In a full-length, improvised play, a well-created environment can be a wonderful gift to the improviser. More than just providing a location, the environment can help develop the story. It can serve as a catalyst for the action, affect the relationships between the characters, and offer a symbol or a metaphor to feed the play's theme. In fact, in a full-length play, the environment not only can do those things but it also absolutely must. The world of the drama has no room for the arbitrary....

Ending Stalemate

Dana (Holding back the tears.) That hurt me, Camille. That really hurt. Especially coming from you, my best friend. You know that I am still very tender from my breakup with Brad. And, I am looking for work. Everyday. At the gym. But, they keep saying no, no matter how much I ask. And, I've just been experiencing a lot of rejection lately, from Brad, from the gym. And the only thing I have, right now, to make me feel good about myself, is my jazzercise. Please, Camille, just let me do my...

Ending Victory

Dana (Holding back the tears.) That hurt me, Camille. That really hurt. Especially coming from you, my best friend. You know that I am still very tender from my breakup with Brad. And, I am looking for work. Every day. At the gym. But, they keep saying no, no matter how much I ask. And, I've just been experiencing a lot of rejection lately, from Brad, from the gym. And the only thing I have, right now, to make me feel good about myself, is my jazzercise. Please, Camille, just let me do my...

Exercise Ah but Theres So Much at Risk

Player 1 makes a simple offer that establishes the relationship and introduces a situation. Player 2 responds with a monologue that must include the phrase, Ah, but there is so much at risk Here are some examples Player 1 Okay, lady, where do you want the couch Player 2 Over there. No, over there No, I mean Ah, but there is so much at risk If I place it incorrectly and Madame Brule is displeased, I shall be fired as her interior decorator I shall be ruined Disgraced Disgraced All right, put it...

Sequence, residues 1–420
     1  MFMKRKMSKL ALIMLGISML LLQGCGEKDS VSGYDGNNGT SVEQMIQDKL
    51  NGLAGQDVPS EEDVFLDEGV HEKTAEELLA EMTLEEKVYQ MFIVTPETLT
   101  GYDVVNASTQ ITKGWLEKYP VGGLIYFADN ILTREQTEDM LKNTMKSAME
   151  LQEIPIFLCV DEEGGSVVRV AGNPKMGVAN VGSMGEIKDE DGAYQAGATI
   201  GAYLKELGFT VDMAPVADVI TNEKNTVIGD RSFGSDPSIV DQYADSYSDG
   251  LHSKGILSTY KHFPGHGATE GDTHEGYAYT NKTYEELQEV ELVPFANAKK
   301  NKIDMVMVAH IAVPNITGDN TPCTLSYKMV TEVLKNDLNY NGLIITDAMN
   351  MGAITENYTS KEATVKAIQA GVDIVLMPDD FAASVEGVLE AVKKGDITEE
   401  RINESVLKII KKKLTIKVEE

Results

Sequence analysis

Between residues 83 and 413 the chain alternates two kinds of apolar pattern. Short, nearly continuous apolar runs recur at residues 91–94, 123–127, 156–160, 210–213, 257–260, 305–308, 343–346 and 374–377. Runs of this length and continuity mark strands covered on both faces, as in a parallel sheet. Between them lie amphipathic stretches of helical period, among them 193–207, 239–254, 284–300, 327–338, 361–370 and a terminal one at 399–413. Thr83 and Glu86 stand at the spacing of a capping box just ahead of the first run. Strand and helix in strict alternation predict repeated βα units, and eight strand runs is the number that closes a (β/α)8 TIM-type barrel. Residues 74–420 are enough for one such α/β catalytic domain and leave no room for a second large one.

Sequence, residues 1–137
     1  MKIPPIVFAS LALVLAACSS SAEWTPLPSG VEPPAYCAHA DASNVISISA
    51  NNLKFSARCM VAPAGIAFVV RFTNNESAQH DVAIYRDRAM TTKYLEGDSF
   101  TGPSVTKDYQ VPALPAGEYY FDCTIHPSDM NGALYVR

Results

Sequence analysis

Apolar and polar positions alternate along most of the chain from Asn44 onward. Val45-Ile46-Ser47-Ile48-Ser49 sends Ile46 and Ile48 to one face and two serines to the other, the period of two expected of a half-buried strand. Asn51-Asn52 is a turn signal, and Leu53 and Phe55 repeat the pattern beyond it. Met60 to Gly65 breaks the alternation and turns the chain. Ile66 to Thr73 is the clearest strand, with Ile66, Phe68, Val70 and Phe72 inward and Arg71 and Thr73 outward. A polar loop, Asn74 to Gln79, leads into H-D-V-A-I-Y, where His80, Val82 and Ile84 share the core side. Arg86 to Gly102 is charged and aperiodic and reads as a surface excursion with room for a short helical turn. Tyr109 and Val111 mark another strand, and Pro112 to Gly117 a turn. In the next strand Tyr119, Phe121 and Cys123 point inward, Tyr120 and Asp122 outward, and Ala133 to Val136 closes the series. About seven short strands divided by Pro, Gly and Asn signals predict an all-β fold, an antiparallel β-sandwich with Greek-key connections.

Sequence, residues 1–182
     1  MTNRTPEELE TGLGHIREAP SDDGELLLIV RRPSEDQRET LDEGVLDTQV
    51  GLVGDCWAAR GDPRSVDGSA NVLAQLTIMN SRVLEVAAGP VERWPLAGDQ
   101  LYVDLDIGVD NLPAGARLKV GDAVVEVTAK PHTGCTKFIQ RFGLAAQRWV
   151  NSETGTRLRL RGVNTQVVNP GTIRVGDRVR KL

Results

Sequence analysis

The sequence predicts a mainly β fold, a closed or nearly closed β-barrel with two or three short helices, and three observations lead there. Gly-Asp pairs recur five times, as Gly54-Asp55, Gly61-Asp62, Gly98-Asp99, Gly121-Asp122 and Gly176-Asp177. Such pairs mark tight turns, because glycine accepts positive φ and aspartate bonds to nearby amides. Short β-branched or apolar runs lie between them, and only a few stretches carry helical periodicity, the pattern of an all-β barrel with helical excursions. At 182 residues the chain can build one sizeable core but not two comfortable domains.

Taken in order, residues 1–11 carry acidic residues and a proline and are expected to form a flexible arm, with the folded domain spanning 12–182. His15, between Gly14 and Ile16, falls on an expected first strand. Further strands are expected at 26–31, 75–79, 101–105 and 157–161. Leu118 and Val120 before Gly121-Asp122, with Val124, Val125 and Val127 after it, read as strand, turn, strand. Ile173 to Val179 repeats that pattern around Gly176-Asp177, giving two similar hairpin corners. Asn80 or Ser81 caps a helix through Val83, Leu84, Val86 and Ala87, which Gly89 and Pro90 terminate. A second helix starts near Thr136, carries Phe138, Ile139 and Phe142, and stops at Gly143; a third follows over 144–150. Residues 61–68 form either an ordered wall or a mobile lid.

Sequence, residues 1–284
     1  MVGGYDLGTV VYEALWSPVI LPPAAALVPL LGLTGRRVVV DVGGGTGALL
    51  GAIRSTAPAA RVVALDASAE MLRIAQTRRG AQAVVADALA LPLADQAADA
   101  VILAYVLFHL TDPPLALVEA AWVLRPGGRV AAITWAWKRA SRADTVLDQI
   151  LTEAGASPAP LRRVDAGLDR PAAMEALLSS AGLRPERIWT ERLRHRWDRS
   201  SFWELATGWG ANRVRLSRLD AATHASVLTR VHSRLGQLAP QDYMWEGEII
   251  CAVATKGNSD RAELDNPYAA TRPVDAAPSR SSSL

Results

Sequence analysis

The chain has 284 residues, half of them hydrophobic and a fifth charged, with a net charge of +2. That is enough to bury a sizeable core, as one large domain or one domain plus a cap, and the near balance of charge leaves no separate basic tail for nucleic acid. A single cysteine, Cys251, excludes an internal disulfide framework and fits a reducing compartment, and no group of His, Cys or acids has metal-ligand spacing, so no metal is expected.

Exercise As If That Wasnt Enough

This is a fun way to practice raising the dramatic stakes in a series of successive offers. Player 1 makes a simple statement that introduces a character and a situation. Each successive offer starts with the phrase, And, as if that wasn't enough and raises the dramatic stakes of all that came before it. Player 1 Allison was late for work. Player 2 And, as if that wasn't enough, she was supposed to be there early for an important meeting with her boss. Player 3 And, as if that wasn't enough,...

Exercise Because

This is an effective exercise for practicing Cause and Effect. The group improvises a story with each player contributing the next line. Each line begins with the word because, reiterates the previous offer, and then contributes the next. Do it fast and have fun Here's an example Player 1 Mary took flying lessons. Player 2 Because Mary took flying lessons, she earned her pilot's license. Player 3 Because she earned her pilot's license, her father allowed her to fly the family airplane. Player 4...

Exercise Breaking Routines

In this exercise, we simply take the first section of the Story Spine and use it to practice creating Foundations and destroying them with dramatic First Significant Events Again, it can be done in a group or done individually. As always, do it fast, have fun, and be spontaneous. Here are some examples and accompanying observations Player 1 Once upon a time, there was a little boy and a little girl. Player 2 Every day, the little boy teased the little girl, and the little girl cried. Player 3...

Exercise Character Clay

This is a fun exercise for building spontaneous characters based on character endowments from the other players. The group forms a circle, and player 1 stands in the center. The players in the circle take turns giving player 1 character endowments such as, This character is fifty years old. She's always very nervous. She giggles when she talks. She loves children. She dreams of being a movie star. As each endowment is offered, player 1 incorporates it into her physical creation of the...

Exercise Character Conjuring

Player 1 and player 2 improvise a short scene in which they endow an offstage character. The endowment can include a physical description, vocal quality, personality traits, habits, etc. When players 1 and 2 are finished, player 3 enters as the character and fulfills the endowments Player 1 Jason, Ms. Parker is on her way up in the elevator. Is the conference room ready for her presentation Player 2 Yes, Ms. Peabody, we're all set in here. I even closed the blinds because I know how sensitive...

Exercise Combination Stake